We’ve seen in previous articles how political manipulation of the issue of security attempts to show an increase in murders as a specific factor of the Bolivarian revolution. However, we can see how violence has been dramatically increasing for a long time now, since the opposition of today was the government.
According to statistics from the Studies for Peace Centre of the UCV [Venezuelan Central University], in the nineties the homicide rate for every 100,000 people increased by 153%, from 13 murders per 100,000 people in 1991 to 33 murders per 100,000 people in 2000.
The political game of manipulation consists of analysing the phenomenon while at the same time disconnecting it from its historical development, given that the problem of insecurity, as previous statistics indicate, is a social phenomenon that has its origin in the framework of the fourth republic [1958-1999] governments of the end of the eighties and all of the nineties. Insecurity is a result of the rupture of the basic links of socialisation that are expressed in the family: the family that is structured as a product of neoliberal policies of adjustment and the elimination of social policy, which condemns thousands of them to poverty and extreme poverty.
As a consequence of these neoliberal policies a new young protagonism in the social arena has emerged, mediated by violence and the visibility of criminal expression, which aren’t anything more than the materialisation of the loss of future and hope, especially in the D and E sectors [translator: D and E refer to the poorest sectors when poll companies like GISXXI analyse survey results, the author of this article is director of GISXXI].
Manipulation also consists of the construction of a social sensation of chaos and danger, of which the only entity responsible for its occurrence and for its being overcome is the national government. They [the opposition] portray the government as the bearer of all solutions and the only saviours. But this attempt hasn’t dominated national opinion. While Venezuelans recognise insecurity as the main problem, likewise, the institution they most value for its action towards resolving the problem of insecurity is President [Hugo] Chavez with 51%.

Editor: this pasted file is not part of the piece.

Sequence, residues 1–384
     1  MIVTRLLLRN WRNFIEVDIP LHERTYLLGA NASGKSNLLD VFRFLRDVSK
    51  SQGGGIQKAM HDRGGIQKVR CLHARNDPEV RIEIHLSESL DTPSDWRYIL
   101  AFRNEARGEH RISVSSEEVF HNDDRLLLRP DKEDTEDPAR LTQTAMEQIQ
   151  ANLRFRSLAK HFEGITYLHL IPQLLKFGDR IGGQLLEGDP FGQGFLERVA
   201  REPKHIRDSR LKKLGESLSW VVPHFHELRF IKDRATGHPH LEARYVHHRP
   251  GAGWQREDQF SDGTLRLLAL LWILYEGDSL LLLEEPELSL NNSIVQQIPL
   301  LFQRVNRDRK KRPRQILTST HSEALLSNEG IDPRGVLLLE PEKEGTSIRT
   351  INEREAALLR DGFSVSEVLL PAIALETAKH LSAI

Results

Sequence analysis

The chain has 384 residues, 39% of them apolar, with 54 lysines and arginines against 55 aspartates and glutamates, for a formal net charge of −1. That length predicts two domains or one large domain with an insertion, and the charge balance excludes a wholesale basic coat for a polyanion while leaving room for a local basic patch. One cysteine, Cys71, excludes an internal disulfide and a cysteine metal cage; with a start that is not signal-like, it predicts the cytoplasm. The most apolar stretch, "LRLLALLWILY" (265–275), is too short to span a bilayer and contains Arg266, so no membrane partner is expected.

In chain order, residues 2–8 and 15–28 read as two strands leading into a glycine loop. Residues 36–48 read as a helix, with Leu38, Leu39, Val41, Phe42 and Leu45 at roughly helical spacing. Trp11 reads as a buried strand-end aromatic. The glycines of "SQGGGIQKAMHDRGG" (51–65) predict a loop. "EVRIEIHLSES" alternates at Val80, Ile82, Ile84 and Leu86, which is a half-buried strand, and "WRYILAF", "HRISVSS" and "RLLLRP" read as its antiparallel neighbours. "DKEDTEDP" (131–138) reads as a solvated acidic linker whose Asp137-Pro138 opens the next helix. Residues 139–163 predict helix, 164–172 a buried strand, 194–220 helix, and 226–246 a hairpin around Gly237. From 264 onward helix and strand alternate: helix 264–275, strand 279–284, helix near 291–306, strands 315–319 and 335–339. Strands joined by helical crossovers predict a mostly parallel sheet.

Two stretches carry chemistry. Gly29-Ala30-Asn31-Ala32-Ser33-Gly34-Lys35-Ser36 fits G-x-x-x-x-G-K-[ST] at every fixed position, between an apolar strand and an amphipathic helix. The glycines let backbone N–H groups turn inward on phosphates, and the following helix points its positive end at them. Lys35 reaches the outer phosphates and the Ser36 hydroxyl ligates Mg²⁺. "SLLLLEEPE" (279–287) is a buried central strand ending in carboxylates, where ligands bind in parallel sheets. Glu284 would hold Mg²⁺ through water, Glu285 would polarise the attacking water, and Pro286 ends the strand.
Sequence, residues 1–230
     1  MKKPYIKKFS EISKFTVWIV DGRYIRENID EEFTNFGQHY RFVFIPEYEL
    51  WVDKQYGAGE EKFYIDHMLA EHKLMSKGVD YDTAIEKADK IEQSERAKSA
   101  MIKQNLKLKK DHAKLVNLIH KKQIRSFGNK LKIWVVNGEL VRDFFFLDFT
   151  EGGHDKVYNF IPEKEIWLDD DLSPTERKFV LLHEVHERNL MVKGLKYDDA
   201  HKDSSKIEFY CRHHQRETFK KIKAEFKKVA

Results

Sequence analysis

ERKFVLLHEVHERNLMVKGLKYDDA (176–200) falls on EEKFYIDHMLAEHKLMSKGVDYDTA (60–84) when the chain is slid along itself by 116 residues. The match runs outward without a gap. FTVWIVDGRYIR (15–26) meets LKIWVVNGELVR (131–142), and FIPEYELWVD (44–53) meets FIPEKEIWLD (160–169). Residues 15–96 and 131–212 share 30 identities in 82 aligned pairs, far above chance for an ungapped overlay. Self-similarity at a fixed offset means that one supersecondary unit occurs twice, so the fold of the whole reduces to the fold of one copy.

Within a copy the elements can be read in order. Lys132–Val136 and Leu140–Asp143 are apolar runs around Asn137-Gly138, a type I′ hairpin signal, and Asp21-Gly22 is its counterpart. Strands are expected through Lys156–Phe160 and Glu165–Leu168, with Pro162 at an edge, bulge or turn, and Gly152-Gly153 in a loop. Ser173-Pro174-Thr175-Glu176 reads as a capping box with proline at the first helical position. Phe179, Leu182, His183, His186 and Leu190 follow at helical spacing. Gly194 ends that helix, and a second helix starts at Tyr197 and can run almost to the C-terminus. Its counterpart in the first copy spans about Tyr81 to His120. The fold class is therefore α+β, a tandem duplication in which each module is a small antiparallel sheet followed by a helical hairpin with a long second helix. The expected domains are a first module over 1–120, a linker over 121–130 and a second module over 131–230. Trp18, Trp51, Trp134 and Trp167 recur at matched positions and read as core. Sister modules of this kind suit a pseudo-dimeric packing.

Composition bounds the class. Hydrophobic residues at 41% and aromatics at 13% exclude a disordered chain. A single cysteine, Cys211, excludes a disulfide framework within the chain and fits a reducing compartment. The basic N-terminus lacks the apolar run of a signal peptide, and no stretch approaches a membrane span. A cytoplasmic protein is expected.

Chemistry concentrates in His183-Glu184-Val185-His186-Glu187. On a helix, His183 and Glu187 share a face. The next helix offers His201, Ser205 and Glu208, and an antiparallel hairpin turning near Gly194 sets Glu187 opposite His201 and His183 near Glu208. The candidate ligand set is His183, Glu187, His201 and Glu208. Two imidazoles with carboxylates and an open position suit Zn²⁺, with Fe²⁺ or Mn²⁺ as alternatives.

Popular opinion expresses a wise criterion, something the various political tendencies should understand. Insecurity can’t be a topic used like a trampoline, or as a weapon to wear down [people], as insecurity is a fire in which all of us can burn.
On the device used by various [opposition] political actors of presenting themselves as the bearers of the correct alternative to the problem of insecurity, it’s important to emphasise how they try to erase the evidence of their bad management of insecurity when they were the government, or to make everyone forget that today they are the government and responsible for insecurity in various states and municipalities.
If we look at two municipalities like Baruta and Chacao [both in Caracas] and two states like Nueva Esparta and Zulia (see the graphs below) where the opposition has been in government for almost all of the last decade, the results put into question the supposed expertise that they have to contain violence. A quick look at the statistics allows us to conclude that the homicide rate has increased between 2000 and 2008 in these regions, while, in municipalities such as Libertador [in Caracas], governed by Chavismo, the rate has decreased.